• If desired, a pedestal, such as pedestal 50 (FIG. 1), can be attached or affixed to the bottom end cap 508. If desired, the bottom end cap 508 can be integrally incorporated into the pedestal thereby obviating the need for a bottom end cap 508 that is separate from the pedestal. For example, the receptacle 532, its channel 536, the spline 540, and the like can all be incorporated into the pedestal.
  • The same procedure is followed where there is a top end cap (not shown). Although not shown, the top end cap preferably is constructed substantially the same as the bottom end cap 508. A plurality of fasteners, like fasteners 550, is also used to attach the end cap to each one of the supports 506.
  • When assembly is completed, a cat scratching post that looks the same as or substantially identical to the cat scratching post 40 shown in FIG. 1 results. When assembly is completed, the flaps 528 of both cover sections 524 and 526 overlie one another with each one of their side edges 530 being recessed within the supports 506 such that they cannot be scratched or otherwise engaged by a cat using the resultant cat scratching post. Preferably, the flaps 528 abut or bear against one another. Any fastener used to attach either cover section 524 and 526 to its associated support 506 is located only along the portion of the flap 528 that is disposed between the opposed interior surfaces 516 of the opposed supports 506. As a result, no such fastener is exteriorly exposed. Preferably, however, no such fastener is used to attach any portion of either cover section 524 and 526 to its corresponding support 506.
  • It is also to be understood that, although the foregoing description and drawings describe and illustrate in detail one or more preferred embodiments of the present invention, to those skilled in the art to which the present invention relates the present disclosure will suggest many modifications and constructions as well as widely differing embodiments and applications without thereby departing from the spirit and scope of the invention.

Claims (47)

1. A cat scratching post comprising a plurality of vertically extending elongate spars around which is disposed an outer covering, wherein there is no exteriorly exposed fastener used to attach the outer covering to any one of the spars.
2. The cat scratching post of claim 1 wherein the outer covering comprises a pair of end flaps each of which is disposed along a side edge of the outer covering, wherein each one of the flaps is disposed between the spars and not exteriorly exposed.
3. The cat scratching post of claim 2 further comprising an end cap disposed at one end of the spars that engages the spars to keep them disposed adjacent one another.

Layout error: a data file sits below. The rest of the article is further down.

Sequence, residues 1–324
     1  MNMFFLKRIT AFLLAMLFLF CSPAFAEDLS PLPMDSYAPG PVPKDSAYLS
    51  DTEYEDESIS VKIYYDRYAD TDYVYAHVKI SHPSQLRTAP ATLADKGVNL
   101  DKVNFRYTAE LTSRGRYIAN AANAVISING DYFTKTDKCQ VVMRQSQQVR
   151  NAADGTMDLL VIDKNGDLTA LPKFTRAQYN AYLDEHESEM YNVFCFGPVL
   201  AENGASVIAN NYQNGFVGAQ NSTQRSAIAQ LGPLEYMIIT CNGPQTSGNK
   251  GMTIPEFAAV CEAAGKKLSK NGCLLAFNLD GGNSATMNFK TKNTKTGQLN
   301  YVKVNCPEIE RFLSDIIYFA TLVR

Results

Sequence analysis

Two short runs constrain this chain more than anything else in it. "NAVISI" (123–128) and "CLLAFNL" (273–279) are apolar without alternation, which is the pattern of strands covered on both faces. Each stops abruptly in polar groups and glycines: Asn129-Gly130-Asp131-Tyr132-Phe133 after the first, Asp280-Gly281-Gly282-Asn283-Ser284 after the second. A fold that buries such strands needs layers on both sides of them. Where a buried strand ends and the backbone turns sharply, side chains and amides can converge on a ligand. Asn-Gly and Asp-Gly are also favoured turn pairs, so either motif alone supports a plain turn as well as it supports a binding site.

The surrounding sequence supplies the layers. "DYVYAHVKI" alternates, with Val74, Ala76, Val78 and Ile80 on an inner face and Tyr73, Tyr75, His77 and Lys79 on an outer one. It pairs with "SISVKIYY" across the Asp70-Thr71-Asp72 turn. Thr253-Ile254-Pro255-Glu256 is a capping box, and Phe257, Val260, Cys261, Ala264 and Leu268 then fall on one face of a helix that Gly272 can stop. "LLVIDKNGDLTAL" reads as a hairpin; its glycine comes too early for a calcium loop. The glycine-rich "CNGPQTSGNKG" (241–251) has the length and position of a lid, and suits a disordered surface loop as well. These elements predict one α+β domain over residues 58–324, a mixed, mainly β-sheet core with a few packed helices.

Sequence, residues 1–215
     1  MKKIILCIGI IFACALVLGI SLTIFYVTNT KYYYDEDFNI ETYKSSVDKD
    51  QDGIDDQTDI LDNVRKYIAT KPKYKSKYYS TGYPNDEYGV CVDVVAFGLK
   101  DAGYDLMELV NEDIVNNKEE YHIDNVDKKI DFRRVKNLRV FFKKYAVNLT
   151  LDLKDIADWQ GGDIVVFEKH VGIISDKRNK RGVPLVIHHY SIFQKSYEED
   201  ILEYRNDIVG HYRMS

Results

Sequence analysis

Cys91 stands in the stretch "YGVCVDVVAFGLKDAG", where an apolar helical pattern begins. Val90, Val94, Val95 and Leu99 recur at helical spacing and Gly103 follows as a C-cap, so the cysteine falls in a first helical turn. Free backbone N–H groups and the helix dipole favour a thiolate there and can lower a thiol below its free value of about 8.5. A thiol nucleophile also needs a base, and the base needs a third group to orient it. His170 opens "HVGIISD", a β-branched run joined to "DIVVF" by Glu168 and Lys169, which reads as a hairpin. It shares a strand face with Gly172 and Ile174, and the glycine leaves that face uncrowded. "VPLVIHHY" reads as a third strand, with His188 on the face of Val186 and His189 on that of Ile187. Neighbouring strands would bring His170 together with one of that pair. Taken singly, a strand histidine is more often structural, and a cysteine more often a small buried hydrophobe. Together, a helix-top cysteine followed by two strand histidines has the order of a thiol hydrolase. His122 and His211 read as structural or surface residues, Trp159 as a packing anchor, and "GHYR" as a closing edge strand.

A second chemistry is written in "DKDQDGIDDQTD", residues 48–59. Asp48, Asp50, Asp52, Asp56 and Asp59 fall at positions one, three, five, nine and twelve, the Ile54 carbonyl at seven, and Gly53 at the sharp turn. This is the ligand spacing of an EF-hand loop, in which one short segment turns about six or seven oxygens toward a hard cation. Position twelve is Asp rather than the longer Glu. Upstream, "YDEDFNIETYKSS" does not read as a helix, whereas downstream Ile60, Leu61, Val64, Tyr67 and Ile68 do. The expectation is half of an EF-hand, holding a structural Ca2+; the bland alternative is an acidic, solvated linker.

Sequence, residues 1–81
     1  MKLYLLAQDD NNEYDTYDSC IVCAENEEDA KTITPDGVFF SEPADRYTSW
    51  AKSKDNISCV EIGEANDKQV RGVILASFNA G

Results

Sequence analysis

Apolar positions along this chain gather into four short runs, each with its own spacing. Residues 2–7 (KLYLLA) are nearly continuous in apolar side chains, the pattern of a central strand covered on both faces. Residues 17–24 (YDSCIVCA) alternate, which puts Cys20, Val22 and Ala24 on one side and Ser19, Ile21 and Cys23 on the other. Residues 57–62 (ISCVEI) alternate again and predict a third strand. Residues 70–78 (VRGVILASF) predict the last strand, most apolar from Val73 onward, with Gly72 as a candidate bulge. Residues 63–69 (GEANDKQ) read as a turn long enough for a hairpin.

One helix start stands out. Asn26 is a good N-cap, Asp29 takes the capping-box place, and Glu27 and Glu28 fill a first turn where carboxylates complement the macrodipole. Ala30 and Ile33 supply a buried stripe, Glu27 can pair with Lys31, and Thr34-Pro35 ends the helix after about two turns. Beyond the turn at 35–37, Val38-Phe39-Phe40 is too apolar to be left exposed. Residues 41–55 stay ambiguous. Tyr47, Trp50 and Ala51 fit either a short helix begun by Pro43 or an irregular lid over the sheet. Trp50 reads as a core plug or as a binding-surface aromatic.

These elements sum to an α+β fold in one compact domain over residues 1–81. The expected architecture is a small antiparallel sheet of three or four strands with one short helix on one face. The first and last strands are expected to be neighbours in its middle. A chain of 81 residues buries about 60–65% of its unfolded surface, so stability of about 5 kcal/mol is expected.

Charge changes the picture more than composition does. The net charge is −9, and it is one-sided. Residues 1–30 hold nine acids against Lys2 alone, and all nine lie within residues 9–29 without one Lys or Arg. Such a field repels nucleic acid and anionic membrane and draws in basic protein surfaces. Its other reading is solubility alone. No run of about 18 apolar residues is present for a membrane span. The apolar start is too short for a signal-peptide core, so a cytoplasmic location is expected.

4. The cat scratching post of claim 3 wherein there are a pair of end caps with one of the end caps disposed at one end of the spars and the other one of the end caps disposed at the other end of the spars.
5. The cat scratching post of claim 4 further comprising a pedestal upon which the spars stand uprightly with one of the end caps disposed between the pedestal and one end of the spars.
6. The cat scratching post of claim 1 wherein the outer covering comprises a plurality of cover sections that each have a pair of end flaps each of which is disposed along a side edge of the cover section, wherein there is a cover section is wrapped around the outside of each one of the spars with the flaps of each cover section tucked between the spars such that the side edge of each flap is not exteriorly exposed.
7. The cat scratching post of claim 6 wherein no fastener is used to attach each one of the plurality of cover sections to its corresponding spar.
8. The cat scratching post of claim 1 further comprising a spline that interconnects each one of the plurality of spars.
9. The cat scratching post of claim 8 wherein the spline comprises a plurality of tongues and each spar comprises a groove wherein each one of the tongues of the spline is received in one of the grooves in one of the spars.
10. The cat scratching post of claim 8 further comprising an end cap that engages the spars at one end of the spars wherein the spline is carried by the end cap.
11. The cat scratching post of claim 10 wherein the spline is integrally formed of the end cap.
12. The cat scratching post of claim 11 wherein the end cap comprises a pedestal upon which the spars are uprightly supported.
13. The cat scratching post of claim 1 wherein the outer covering comprises a pair of end flaps each of which is disposed along a side edge of the outer covering, and wherein one of plurality of the spars snaps onto another one of the plurality of the spars disposing the flaps between the spars such that they are not exteriorly exposed.